I forgot to post about this last week, but I am participating in The 365 Project, and last Thursday was my day. The goal of the project is to capture 365 individual perspectives on the 365 days in 2010, and my post (the comments of which feature someone who is inexplicably very upset at the fact that I used that post to spread dirty lies about ostriches) was about how in the general spectrum of awareness of the world around me, I tend to end up at the end where I have to ask Mike when he gets home from work whether something happened in Poland a few weeks ago because I keep seeing references to Poland in places that previously were relatively consistent in their lack of reporting on the aforementioned country.
The fact of the matter is that when your coworkers spend all day doing this, you kind of end up wanting to do a lot of that yourself, and the end result is that when I finally clue in to what’s going on in the world — the aid workers in Israel, the gunman in England, the oil spill that’s killing all of the beautiful pelicans — I end up feeling completely paralyzed, like the only thing I can really do or really want to do is to ask myself, over and over, what have we done? I can’t look at world events in a dispassionate way, so for me it’s either pretend it’s not happening or see what’s happening and feel completely powerless to do anything about it.
But then sometimes I get to have these little moments of inspiration, or clarity, or hope, or something else altogether, when I talk to people in my life who somehow manage to look at insurmountable problems like human trafficking or poverty or government corruption or war and think yes, we can fix this. It’s messy and it’s dangerous and it’s hard, but we can fix this. That’s what they say, about these impossible, impossible things! It just about blows my mind every time, and serves as a very pointed reminder that, yes, there is evil in the world, but there’s also people of great grace and humility and generosity, people who are purposeful about how they live their lives, what they stand for, which battles they fight, how they fight them. It’s how I want to be when I grow up, if I can ever learn to stop riding the pendulum back and forth between avoidance and desperation, and at the risk of being inflammatory in what is usually a rather lighthearted space, I’d wager there’d be a lot less bad news to hide from if we all wanted to be more like that.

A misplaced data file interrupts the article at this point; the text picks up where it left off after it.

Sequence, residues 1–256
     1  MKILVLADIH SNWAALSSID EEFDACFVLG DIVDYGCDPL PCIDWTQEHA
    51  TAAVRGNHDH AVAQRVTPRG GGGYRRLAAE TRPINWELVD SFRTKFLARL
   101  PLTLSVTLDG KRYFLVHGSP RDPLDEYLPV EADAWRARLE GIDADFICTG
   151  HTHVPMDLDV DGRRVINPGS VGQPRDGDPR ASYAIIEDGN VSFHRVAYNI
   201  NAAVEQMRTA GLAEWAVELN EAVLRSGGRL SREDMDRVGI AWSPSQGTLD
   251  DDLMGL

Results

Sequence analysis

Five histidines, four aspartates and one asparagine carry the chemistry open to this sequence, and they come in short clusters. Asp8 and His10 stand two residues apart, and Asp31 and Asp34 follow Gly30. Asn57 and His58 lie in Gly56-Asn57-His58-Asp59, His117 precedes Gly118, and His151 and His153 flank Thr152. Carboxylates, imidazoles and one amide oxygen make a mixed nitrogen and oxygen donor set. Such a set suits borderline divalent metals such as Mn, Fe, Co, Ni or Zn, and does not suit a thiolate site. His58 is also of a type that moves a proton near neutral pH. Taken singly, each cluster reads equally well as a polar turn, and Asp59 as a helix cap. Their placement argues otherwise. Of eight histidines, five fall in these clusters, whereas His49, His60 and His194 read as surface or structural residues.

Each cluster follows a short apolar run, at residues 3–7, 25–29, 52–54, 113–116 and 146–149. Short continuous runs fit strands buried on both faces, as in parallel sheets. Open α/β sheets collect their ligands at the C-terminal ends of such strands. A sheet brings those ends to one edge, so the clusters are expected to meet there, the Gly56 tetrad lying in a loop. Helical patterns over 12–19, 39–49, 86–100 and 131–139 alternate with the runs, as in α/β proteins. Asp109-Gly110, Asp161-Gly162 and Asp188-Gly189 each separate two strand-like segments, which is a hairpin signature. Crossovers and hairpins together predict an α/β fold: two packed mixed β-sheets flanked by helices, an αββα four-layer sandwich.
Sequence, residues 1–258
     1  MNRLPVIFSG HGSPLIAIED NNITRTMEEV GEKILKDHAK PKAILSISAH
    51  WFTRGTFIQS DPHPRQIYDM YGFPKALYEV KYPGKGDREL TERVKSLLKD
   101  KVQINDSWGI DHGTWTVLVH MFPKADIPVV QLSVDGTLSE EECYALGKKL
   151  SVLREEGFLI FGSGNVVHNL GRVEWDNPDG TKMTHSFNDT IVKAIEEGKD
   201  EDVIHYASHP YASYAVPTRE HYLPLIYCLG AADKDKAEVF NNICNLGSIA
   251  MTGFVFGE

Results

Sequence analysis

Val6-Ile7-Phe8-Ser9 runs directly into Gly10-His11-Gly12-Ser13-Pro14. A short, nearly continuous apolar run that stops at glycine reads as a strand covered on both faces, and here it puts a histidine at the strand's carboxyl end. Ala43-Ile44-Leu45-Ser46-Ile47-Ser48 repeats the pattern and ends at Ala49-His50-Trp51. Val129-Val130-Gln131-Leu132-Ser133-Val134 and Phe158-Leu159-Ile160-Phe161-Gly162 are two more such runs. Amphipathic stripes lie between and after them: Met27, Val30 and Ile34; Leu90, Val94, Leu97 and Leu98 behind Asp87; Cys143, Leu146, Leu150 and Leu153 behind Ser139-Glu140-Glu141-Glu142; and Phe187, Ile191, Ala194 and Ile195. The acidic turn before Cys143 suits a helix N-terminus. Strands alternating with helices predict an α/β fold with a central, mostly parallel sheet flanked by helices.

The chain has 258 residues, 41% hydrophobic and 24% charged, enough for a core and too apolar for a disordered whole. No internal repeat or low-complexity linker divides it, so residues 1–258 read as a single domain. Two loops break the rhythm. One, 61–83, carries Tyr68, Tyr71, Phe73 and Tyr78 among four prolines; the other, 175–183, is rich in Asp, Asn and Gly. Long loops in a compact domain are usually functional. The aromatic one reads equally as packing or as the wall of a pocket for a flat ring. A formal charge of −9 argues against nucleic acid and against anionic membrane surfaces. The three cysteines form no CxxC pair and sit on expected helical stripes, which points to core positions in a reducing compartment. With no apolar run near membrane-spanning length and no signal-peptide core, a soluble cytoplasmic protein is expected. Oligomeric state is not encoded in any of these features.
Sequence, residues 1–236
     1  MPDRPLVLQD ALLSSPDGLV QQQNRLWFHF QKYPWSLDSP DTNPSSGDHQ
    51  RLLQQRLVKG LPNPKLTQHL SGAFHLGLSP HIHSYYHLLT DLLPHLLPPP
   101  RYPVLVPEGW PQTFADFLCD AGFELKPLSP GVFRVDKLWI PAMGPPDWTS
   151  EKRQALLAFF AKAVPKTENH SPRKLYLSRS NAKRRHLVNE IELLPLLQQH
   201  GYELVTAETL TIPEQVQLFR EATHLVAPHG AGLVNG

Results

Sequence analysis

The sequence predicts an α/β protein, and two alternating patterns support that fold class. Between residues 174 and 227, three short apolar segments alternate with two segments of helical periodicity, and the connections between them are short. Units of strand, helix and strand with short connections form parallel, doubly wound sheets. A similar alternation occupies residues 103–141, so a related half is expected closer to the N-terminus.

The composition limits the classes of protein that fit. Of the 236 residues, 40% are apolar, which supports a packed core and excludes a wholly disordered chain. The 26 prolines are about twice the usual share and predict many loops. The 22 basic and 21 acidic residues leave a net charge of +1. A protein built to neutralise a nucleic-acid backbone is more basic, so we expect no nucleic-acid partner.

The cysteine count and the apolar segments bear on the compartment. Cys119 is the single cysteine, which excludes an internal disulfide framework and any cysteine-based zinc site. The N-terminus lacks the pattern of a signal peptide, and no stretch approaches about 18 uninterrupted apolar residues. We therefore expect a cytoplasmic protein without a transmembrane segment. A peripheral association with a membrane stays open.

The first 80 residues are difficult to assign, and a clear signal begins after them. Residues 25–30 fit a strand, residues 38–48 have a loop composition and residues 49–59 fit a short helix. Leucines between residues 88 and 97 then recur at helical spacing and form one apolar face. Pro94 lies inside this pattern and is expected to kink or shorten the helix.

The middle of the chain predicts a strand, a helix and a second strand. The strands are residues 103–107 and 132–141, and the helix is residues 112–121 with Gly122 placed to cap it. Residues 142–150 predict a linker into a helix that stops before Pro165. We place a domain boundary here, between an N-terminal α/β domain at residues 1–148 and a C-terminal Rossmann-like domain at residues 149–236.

Mike and I joke a lot about an old South Park bit where the Underpants Gnomes concoct a 3-step scheme where Step 1 is to steal all the underpants and Step 3 is to somehow profit from Step 1. I feel kind of like an Underpants Gnome in this situation, where Step 1 is to realize I can help make the world a better place, and Step 3 is to stand back and look at the better world we’ve created, but Step 2 is conspicuously absent. Step 3 seems impossible but Step 2 is really the hard part, isn’t it?